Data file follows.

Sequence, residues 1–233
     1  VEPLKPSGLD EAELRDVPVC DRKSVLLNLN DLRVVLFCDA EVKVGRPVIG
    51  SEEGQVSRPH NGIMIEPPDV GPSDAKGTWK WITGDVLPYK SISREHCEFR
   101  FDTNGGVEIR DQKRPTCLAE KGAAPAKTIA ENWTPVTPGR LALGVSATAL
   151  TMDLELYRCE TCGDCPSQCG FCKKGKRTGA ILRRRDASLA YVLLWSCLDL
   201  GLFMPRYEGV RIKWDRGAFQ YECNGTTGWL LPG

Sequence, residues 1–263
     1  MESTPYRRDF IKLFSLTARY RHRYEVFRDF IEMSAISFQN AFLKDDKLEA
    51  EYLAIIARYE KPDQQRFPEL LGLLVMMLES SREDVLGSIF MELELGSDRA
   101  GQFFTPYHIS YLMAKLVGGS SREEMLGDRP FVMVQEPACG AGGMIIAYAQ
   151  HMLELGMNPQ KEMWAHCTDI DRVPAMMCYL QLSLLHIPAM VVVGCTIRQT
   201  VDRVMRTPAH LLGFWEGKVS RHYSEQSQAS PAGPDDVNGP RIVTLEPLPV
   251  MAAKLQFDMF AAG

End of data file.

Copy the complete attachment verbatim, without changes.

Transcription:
Sequence, residues 1–233
     1  VEPLKPSGLD EAELRDVPVC DRKSVLLNLN DLRVVLFCDA EVKVGRPVIG
    51  SEEGQVSRPH NGIMIEPPDV GPSDAKGTWK WITGDVLPYK SISREHCEFR
   101  FDTNGGVEIR DQKRPTCLAE KGAAPAKTIA ENWTPVTPGR LALGVSATAL
   151  TMDLELYRCE TCGDCPSQCG FCKKGKRTGA ILRRRDASLA YVLLWSCLDL
   201  GLFMPRYEGV RIKWDRGAFQ YECNGTTGWL LPG

Sequence, residues 1–263
     1  MESTPYRRDF IKLFSLTARY RHRYEVFRDF IEMSAISFQN AFLKDDKLEA
    51  EYLAIIARYE KPDQQRFPEL LGLLVMMLES SREDVLGSIF MELELGSDRA
   101  GQFFTPYHIS YLMAKLVGGS SREEMLGDRP FVMVQEPACG AGGMIIAYAQ
   151  HMLELGMNPQ KEMWAHCTDI DRVPAMMCYL QLSLLHIPAM VVVGCTIRQT
   201  VDRVMRTPAH LLGFWEGKVS RHYSEQSQAS PAGPDDVNGP RIVTLEPLPV
   251  MAAKLQFDMF AAG